• the replacement benchmark according to such fallback no longer reflects or significantly diverges from the underlying market or the economic reality that the benchmark in cessation is intended to measure, and its application could have an adverse impact on financial stability.1

In addition, the “unsuitability” of a fallback provision is limited to the cases where it does not provide for a permanent replacement benchmark with respect to the replacement of a benchmark by national law.

Actions suggested

First of all, it is recommended for market participants and, in particular, European issuers not to sit back and rely on this statutory replacement mechanism, but to focus on their fallback clauses.

They should (i) identify all of their contracts or financial instruments that reference certain benchmarks (such as LIBOR) and verify if they include fallback provisions; and, if this is the case, (ii) review all of their fallback clauses to assess their “suitability” for the purposes of the EU Benchmarks Regulation, as amended by the Amending Regulation.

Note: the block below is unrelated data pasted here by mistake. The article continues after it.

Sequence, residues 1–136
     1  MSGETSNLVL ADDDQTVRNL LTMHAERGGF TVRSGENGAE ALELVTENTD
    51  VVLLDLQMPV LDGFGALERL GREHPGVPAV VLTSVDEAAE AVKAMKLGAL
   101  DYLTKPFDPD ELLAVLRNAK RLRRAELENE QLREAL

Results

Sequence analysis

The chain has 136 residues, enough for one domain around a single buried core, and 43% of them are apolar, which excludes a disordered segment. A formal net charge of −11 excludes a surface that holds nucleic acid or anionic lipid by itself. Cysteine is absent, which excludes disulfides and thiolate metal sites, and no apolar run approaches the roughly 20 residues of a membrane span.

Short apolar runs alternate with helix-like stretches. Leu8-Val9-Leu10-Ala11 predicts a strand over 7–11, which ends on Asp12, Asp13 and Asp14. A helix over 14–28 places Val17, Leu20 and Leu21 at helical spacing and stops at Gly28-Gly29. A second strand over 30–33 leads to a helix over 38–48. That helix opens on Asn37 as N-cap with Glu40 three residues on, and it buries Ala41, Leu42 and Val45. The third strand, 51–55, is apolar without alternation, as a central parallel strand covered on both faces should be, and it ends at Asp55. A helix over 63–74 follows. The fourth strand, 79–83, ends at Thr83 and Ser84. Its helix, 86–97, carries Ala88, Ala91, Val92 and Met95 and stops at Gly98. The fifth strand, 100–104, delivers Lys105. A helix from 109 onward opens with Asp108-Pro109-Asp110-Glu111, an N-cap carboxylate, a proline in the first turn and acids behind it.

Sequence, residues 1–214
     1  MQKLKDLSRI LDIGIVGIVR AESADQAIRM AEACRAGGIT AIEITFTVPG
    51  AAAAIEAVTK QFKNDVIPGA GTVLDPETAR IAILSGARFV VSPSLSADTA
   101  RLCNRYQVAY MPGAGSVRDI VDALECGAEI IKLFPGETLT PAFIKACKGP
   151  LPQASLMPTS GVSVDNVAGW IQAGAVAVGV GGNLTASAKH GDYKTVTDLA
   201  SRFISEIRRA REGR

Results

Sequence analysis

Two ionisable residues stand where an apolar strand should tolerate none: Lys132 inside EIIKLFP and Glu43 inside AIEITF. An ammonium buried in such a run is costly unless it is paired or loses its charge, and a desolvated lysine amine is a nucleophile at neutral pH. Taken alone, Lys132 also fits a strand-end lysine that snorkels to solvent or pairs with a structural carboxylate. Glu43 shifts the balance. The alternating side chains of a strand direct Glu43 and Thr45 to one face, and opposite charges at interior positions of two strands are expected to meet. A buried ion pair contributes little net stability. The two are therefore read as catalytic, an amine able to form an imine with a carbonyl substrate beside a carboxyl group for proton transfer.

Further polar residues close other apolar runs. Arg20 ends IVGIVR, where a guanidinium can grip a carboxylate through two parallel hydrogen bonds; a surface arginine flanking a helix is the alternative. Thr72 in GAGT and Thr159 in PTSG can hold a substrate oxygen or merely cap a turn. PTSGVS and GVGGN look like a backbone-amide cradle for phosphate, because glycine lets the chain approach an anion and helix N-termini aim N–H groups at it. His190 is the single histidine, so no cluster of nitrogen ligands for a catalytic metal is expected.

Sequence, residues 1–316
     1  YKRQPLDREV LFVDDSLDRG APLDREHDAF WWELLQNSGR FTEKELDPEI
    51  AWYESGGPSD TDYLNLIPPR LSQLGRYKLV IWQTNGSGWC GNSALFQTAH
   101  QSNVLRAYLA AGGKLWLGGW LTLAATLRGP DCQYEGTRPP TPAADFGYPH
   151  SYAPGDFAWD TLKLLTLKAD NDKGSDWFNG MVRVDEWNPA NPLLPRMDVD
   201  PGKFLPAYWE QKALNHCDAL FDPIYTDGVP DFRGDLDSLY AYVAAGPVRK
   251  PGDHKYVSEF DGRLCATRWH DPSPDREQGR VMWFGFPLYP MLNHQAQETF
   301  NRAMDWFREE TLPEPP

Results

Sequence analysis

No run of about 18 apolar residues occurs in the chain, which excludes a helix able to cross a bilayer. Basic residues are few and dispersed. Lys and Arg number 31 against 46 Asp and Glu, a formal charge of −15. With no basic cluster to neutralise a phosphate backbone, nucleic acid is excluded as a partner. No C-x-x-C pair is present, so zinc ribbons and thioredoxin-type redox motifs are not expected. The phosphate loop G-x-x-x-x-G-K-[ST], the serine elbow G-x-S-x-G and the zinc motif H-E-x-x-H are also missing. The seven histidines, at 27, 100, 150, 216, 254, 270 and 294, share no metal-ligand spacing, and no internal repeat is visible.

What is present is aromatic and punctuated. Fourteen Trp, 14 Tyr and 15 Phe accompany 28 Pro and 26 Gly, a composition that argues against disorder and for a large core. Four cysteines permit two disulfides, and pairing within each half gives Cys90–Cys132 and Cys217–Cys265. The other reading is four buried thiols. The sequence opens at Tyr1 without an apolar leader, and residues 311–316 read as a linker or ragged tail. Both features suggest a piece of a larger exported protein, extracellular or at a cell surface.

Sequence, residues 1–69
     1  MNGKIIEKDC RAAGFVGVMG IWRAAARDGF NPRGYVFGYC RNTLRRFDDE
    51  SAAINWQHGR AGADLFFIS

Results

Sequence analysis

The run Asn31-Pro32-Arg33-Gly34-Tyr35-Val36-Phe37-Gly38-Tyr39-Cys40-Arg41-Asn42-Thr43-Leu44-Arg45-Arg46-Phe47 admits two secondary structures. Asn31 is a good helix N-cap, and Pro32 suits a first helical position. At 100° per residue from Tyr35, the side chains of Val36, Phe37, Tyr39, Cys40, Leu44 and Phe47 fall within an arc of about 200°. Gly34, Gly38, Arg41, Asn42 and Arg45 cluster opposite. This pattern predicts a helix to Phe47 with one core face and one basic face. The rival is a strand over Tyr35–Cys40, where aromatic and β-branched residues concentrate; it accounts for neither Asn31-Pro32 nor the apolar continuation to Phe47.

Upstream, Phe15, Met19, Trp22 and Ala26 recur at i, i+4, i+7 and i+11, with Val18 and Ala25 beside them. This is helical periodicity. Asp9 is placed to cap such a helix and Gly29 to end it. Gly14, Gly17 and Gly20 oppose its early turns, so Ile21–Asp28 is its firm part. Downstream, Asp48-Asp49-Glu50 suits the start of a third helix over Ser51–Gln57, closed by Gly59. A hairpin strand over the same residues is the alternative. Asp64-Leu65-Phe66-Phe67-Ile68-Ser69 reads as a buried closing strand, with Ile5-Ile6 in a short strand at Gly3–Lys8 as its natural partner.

Where appropriate, issuers should consider amending contracts and financial instruments in advance before the relevant benchmarks cease to apply.

In addition, issuers should draft fallback clauses in “new” contracts and financial instruments in the light of such new provisions and, where appropriate, the new ISDA IBOR Fallback Protocol, which is effective as of January 2021 and which includes new fallback provisions connected with key interbank offered rates (so-called IBORs) in the event, inter alia, an IBOR becomes permanently unavailable while firms continue to have exposure to that rate.

European issuers should also review their “contingency plans” required by Article 28, paragraph 2 of the EU Benchmarks Regulation, where such plans designate one or several alternative benchmarks that could be referenced to substitute the benchmarks that would no longer be provided. Such review seems necessary, even if, as anticipated above, the designation of a statutory replacement benchmark is an additional tool that does not apply when the parties to a contract agree to apply a different replacement benchmark.

Finally, it is recommended for European issuers to implement a strategy for communicating to end-clients/users their plan to move to “alternative benchmarks” and the transitions and steps to be taken to support such a move.